And since most cases of wild polio are in just a few countries, namely Pakistan and Afghanistan, we will hopefully get back on track to eradication and also see a drop in paralysis from the mutant vaccine strains. That’s when we can stop using the oral polio vaccine all together.

At least we will if folks stop listening to anti-vaccine misinformation and propaganda that scares them away from vaccinating and protecting their kids.

More On Paralysis from Mutant Strains of Polio Vaccine Vs Wild Polio

Vaccine Schedules from the 1940s to 2019

To scare parents away from vaccinating and protecting their kids, anti-vaccine folks continue to push the idea the kids get too many vaccines at too early an age.

They don’t.

When did we have a vaccine schedule when we gave just two vaccines?
When did we have a vaccine schedule when we gave just two vaccines?

They try to reinforce the idea by comparing things to the “good ol’ days,” when they think kids only got one dose of one or two vaccines.

Did they?

Vaccine Schedules from the 1940s to 2019

Let’s take a look at how the vaccine schedule has evolved over time to see how many vaccines kids used to get. Looking at the old vaccine schedules can also help you understand how we got to our current schedule.

Although not a formal schedule, the first vaccine recommendations were published in the AAP’s Special Committee on Prophylactic Procedures Against Communicable Diseases 1938 pamphlet, Routine measures for the prophylaxis of communicable diseases.

It included vaccines against diphtheria, pertussis, rabies, tetanus, tuberculosis, typhoid fever, and smallpox.

A schedule of immunizations from a 1948 AAP Round Table Discussion on the Practical and Immunological Aspects of Pediatric Immunizations
A schedule of immunizations from a 1948 AAP Round Table Discussion on the Practical and Immunological Aspects of Pediatric Immunizations

That’s the schedule from 1948!

Surprised?

Many of you were led to believe that kids only got 2 vaccines back in the day. Instead, they got more vaccines and multiple doses of those vaccines.

Multiple doses with formaldehyde inactivated vaccines which contained aluminum. And thimerosal. And far more antigens than kids are exposed to today, even though they now get many more vaccines.

My uncle got polio around the time this vaccine schedule was released in 1951, but before the first polio vaccines were being routinely used.
My uncle got polio around the time this vaccine schedule was released in 1951, but before the first polio vaccines were being routinely used.

By the early 1950s, the DPT vaccine became routine. Other vaccines were also available for special situations, including rabies, typhoid, parathyphoid, and the BCG vaccine.

And of course, we got the polio shot in 1955!

Kids got multiple doses of DPT, DT, polio, and smallpox vaccines in 1960.
Kids got multiple doses of DPT, DT, polio, and smallpox vaccines in 1960.

Although few people remember, the original polio vaccines were monovalent and only included one polio strain in each shot. So you had to get multiple shots to get protected from all three strains!

The polio shot, was used until 1962, when we switched to the oral polio vaccine. Trivalent OPV wasn’t licensed until 1963 though. Before that, kids got multiple doses of monovalent OPV, types 1, 2, and 3.

The ACIP committee came up with four different dosage schedules for measles vaccines in 1964.
The ACIP committee came up with four different dosage schedules for measles vaccines in 1964.

And for a few years, we had both inactivated and live measles vaccines…

The recommended immunization schedule by the AAP in the 1966 Red Book. The first measles vaccine was approved in 1963.

Next came the individual mumps (1967) and rubella (1969) vaccines and the combination MMR vaccine (1971).

And the end of routine vaccination with the smallpox vaccine (1972).

Eleven doses of four vaccines protected kids against seven vaccine-preventable diseases in 1983.
Eleven doses of four vaccines protected kids against seven vaccine-preventable diseases in 1983.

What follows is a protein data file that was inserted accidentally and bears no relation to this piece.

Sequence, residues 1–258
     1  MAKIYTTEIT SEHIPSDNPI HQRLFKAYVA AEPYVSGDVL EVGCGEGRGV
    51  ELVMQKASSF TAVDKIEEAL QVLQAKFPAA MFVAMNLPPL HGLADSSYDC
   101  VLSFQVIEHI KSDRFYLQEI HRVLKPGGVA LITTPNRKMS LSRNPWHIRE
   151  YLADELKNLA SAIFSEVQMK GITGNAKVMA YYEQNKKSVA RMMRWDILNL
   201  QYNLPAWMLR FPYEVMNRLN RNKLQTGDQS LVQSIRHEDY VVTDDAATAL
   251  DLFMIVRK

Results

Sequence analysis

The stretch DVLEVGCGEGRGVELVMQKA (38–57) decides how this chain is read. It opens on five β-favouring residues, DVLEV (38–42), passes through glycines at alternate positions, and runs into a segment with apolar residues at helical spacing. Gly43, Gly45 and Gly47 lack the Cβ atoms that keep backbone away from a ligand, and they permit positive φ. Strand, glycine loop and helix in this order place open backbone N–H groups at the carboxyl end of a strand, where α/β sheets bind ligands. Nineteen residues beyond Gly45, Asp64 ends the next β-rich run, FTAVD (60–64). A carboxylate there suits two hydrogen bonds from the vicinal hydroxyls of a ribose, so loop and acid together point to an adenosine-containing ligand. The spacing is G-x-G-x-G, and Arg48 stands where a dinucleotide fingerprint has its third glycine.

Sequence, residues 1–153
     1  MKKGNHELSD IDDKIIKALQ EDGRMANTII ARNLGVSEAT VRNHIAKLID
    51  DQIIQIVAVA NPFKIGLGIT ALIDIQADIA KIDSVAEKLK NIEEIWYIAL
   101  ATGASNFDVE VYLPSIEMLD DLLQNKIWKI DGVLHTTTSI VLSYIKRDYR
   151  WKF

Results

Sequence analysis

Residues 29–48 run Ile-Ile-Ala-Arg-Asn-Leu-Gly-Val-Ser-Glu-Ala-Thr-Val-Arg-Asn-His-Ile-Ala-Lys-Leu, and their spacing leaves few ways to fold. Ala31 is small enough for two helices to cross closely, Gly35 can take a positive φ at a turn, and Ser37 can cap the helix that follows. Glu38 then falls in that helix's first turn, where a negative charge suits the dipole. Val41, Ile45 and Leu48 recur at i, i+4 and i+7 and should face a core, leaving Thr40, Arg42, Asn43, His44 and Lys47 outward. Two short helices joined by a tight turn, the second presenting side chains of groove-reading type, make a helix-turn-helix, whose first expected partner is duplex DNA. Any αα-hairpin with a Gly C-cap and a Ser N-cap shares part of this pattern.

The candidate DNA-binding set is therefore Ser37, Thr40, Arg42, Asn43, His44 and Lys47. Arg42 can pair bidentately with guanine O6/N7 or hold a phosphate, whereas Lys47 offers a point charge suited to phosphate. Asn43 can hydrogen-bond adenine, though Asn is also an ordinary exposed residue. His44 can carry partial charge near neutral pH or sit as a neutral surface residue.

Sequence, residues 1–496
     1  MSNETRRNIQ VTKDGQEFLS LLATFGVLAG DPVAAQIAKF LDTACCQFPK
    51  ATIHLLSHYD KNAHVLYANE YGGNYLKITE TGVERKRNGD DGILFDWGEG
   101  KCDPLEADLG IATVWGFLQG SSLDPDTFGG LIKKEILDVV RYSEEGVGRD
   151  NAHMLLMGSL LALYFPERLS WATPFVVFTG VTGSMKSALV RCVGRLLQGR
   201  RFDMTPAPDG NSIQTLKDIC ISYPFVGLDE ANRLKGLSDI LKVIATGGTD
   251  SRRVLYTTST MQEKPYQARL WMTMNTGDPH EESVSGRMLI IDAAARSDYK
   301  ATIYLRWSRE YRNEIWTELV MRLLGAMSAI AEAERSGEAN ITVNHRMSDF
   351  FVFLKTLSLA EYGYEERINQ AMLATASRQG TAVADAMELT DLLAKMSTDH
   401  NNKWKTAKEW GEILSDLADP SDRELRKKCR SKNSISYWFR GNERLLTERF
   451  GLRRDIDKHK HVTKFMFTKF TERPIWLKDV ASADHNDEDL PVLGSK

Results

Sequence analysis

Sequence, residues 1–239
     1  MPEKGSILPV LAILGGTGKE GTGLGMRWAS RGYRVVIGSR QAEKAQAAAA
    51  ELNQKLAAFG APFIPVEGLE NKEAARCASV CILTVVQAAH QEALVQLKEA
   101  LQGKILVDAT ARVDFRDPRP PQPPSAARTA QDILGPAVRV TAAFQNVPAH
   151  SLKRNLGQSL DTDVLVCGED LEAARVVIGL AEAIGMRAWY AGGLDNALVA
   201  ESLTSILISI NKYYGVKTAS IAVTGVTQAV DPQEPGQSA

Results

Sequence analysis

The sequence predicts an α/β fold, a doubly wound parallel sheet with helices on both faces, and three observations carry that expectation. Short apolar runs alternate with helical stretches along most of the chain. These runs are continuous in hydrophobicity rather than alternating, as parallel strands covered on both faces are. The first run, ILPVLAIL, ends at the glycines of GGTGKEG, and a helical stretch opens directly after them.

The Hib vaccine was added in 1985.

Twelve doses of five vaccines protected kids against eight vaccine-preventable diseases in 1989.
Twelve doses of five vaccines protected kids against eight vaccine-preventable diseases in 1989.

Next came the hepatitis B vaccine and expanded age ranges for the Hib vaccine.

Seventeen doses of five vaccines protected kids against eight vaccine-preventable diseases in 1989 (plus the later Td booster).
Nineteen doses of six vaccines protected kids against nine vaccine-preventable diseases in 1995.

What’s still missing?

Vaccines and protection against rotavirus, hepatitis A, chicken pox, flu, pneumococcal bacteria, meningococcal bacteria, and HPV. And no, they weren’t all added right after the National Childhood Vaccine Injury Act of 1986, another anti-vaccine myth!

Those vaccines were added to the schedule much later:

  • Varivax – a chickenpox vaccine (1995)
  • the polio shot – we began to switch back in 1996
  • VAQTA – the first hepatitis A vaccine was approved for high risk kids in 1996, but wasn’t actually added to the routine vaccine schedule until 2006
This is the immunization we used when I finished residency...
This is the immunization we used when I finished residency…

RotaShield, the first rotavirus vaccine was approved in 1998 but was quickly withdrawn in 1999 because of an increased risk of intussusception

What’s next?

  • Prevnar, with protection against pneumococcal bacteria (2000)
  • FluMist – the nasal spray flu vaccine (2004)
  • new flu shots recommendations for all healthy infants (2004)

Is the vaccine schedule starting to look familiar?

RotaTeq and Gardasil were added to the vaccine schedule the next year, in 2007.
RotaTeq and Gardasil were added to the vaccine schedule the next year, in 2007.

Since then, Prevnar was updated to include protection against 13 strains of pneumococcal bacteria. And we got a new vaccine that covers the B strain of meningococcal disease, but otherwise there haven’t been any major changes to the vaccine schedule in a while.

The 2019 vaccine schedule.
The 2019 vaccine schedule.

Do you see 72 vaccines on the schedule?

Kids today routinely get 13 vaccines that protect them 16 vaccine-preventable diseases.

Do you see 72 doses of vaccines on the schedule?

Guess what? These folks are deliberately misleading you.
Guess what? These folks are deliberately misleading you.

Kids don’t get 72 doses of vaccines today.

That’s an inflated number that’s used to scare parents. That it is a propaganda technique should be obvious, as the folks who use it don’t use the same anti-vaccine math to inflate the number of doses from the historical schedules.

More on Vaccine Schedules from the 1940s to 2019